Sincerely,

John A. Kvale CFA, CFP

Enclosure (2019 Report, Private Policy)

 

J.K. Financial, Inc.

PRIVACY POLICY NOTICE

Our Promise to You

As a client of J.K. Financial, Inc., you share both personal and financial information with us.  Your privacy is important to us, and we are dedicated to safeguarding your personal and financial information.

Information Provided by Clients 

In the normal course of doing business, we typically obtain the following non-public personal information about our clients:

  • Personal information regarding our clients’ identity such as name, address and social security number;
  • Information regarding securities transactions effected by us; and
  • Client financial information such as net-worth, assets, income, bank account information and account balances.

How We Manage and Protect Your Personal Information

We do not sell information about current or former clients to third parties, nor is it our practice to disclose such information to third parties unless requested to do so by a client or client representative or, if necessary, in order to process a transaction, service an account or as permitted by law

In order to protect your personal information, we maintain physical, electronic and procedural safeguards to protect your personal information.  Our Privacy Policy restricts the use of client information and requires that it be held in strict confidence.

Client Notifications

We are required by law to annually provide a notice describing our privacy policy.  In addition, we will inform you promptly if there are changes to our policy.

Please do not hesitate to contact us with questions about this notice.

 

 

 

 

 

 

A True Yogi Berra saying may be fitting now – It’s like déjà vu all over again!”

Tariffs and Trade War Talks Continue

While the tariff banter seems relentless and every day changing, leading to Capital Market bipolar movements, one day irrational exuberance, and the next day irrationally depressed, as mentioned in our Q4 Newsletter, tariff talk has been going on for decades. With today’s constant bombardment of immediate news stories and short clips it seems, present party included, to be constant and all encompassing. The reality is this likely will work itself out, just as seen in the graph in the newsletter. Our bet is once the tariff talk turns into tariff agreements, we will see market relief and higher overall interest rates. For now, there’s no doubt that the tariff talk is slowing the global economy and there is no envy for public company managers trying to navigate the possible changes that occur on a day by day basis, making it very tough to stock inventory and make purchases.

Treasury Rates- Interest rate cycle

Given the afore mentioned Tariff Talk, FOMC (Federal Open Market Committee) led by chief Jerome Powell and a company have embarked on a lowering of rates, twice to be exact, but only two .25 basis points each, in an attempt to help ease interest rate burdens and spur the economy. While not huge fans of the lowering of rates at this time due to gun powder needs at a future, when the inevitable recession occurs, at this time it appears we are on an interest rate decrease path, a complete 180° turn from just one year ago, when reserve officials were raising. If there is an agreement in Tariff talk, lowering of rates would likely stop, and we might even hear talks of raising, making for an interesting rate cycle. Time will tell.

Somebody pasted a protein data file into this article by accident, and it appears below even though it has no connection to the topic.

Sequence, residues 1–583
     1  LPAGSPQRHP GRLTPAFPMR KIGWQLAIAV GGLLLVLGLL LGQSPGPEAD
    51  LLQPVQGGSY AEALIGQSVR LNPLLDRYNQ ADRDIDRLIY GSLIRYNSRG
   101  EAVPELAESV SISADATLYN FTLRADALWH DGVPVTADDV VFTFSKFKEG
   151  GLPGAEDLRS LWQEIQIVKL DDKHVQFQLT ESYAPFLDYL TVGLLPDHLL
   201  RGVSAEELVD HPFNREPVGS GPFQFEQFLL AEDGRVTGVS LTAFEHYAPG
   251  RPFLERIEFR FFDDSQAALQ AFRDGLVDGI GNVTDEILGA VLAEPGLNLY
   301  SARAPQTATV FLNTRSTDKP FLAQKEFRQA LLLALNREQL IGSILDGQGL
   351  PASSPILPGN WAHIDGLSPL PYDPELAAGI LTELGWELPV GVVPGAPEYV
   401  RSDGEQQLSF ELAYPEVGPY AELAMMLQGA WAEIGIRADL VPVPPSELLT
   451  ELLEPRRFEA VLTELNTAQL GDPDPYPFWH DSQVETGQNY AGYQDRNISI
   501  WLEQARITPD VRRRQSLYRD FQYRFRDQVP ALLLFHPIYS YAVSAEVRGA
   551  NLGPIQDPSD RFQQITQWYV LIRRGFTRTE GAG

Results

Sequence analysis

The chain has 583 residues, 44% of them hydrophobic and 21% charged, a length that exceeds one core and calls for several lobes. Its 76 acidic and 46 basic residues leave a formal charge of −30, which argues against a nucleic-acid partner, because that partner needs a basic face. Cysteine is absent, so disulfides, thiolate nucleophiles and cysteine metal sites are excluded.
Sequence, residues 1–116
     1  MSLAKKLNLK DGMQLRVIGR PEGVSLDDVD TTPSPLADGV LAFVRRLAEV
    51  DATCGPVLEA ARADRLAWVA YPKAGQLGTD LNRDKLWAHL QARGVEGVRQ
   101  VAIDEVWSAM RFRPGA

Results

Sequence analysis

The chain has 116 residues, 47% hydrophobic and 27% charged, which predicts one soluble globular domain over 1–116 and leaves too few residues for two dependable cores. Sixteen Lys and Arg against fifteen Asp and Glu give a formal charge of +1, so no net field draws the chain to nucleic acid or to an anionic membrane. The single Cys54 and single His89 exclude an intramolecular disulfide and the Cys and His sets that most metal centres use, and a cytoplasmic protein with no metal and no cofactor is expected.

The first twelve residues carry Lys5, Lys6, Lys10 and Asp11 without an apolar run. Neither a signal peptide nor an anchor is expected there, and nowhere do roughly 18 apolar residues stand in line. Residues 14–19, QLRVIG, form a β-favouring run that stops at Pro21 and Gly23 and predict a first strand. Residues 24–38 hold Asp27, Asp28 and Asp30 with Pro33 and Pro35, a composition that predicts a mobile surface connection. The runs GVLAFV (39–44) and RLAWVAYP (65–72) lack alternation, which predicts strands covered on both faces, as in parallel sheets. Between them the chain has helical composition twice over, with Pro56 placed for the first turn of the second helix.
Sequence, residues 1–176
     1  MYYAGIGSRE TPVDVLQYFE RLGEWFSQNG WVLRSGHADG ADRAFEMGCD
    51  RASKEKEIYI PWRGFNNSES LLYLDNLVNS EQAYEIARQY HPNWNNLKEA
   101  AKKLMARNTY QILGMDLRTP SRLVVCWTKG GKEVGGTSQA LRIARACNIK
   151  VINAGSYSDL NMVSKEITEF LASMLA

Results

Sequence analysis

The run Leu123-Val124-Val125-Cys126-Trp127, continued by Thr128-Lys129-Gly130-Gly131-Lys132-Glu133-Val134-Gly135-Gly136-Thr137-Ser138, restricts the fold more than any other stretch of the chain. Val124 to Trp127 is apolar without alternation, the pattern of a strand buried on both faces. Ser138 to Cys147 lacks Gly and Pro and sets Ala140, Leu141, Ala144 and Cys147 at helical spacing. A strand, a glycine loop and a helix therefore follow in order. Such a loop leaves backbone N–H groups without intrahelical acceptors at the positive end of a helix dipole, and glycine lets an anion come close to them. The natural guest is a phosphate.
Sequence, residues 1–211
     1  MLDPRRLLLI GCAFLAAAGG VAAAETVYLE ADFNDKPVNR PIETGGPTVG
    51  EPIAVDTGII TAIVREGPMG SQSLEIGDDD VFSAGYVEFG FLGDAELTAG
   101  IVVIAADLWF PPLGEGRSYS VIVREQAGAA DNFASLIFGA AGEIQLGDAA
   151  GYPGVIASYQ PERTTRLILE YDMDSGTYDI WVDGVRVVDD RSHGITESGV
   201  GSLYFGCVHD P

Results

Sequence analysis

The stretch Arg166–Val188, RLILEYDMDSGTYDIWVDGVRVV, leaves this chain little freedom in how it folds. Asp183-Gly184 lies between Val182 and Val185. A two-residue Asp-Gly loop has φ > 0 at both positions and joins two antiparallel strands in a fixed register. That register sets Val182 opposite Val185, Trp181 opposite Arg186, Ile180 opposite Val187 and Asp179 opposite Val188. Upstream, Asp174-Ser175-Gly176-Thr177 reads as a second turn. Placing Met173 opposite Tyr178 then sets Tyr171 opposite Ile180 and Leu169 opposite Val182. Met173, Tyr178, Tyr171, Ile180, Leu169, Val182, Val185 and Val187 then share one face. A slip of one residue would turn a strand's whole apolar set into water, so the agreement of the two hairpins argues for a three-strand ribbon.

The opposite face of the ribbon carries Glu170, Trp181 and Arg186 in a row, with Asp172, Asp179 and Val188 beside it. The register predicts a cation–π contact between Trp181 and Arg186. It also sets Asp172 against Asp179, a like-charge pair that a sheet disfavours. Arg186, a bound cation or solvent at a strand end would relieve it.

Taxes or the savings of taxes paid

As we head into the final quarter of the year it’s time to make sure we’ve done all we can do for this years’ , especially items that have no look back features. As also mentioned in our Q4 newsletter, be sure to max those 401(k)s, contribute or distribute from 529‘s, complete Required Minimum Distributions (RMD’s) and make sure those charitable giving are complete this year, as all of these items have a hard stop year-end deadline.

Have a great day and start to fall!

Sincerely,

John A. Kvale CFA, CFP

Enclosure 2019 Report

Q 3 Quarterly Review Cover Letter

A True Yogi Berra saying may be fitting now – It’s like déjà vu all over again!”

Tariffs and Trade War Talks Continue

While the tariff banter seems relentless and every day changing, leading to Capital Market bipolar movements, one day irrational exuberance, and the next day irrationally depressed, as mentioned in our Q4 Newsletter, tariff talk has been going on for decades. With today’s constant bombardment of immediate news stories and short clips it seems, present party included, to be constant and all encompassing. The reality is this likely will work itself out, just as seen in the graph in the newsletter. Our bet is once the tariff talk turns into tariff agreements, we will see market relief and higher overall interest rates. For now, there’s no doubt that the tariff talk is slowing the global economy and there is no envy for public company managers trying to navigate the possible changes that occur on a day by day basis, making it very tough to stock inventory and make purchases.

Treasury Rates- Interest rate cycle

Given the afore mentioned Tariff Talk, FOMC (Federal Open Market Committee) led by chief Jerome Powell and a company have embarked on a lowering of rates, twice to be exact, but only two .25 basis points each, in an attempt to help ease interest rate burdens and spur the economy. While not huge fans of the lowering of rates at this time due to gun powder needs at a future, when the inevitable recession occurs, at this time it appears we are on an interest rate decrease path, a complete 180° turn from just one year ago, when reserve officials were raising. If there is an agreement in Tariff talk, lowering of rates would likely stop, and we might even hear talks of raising, making for an interesting rate cycle. Time will tell.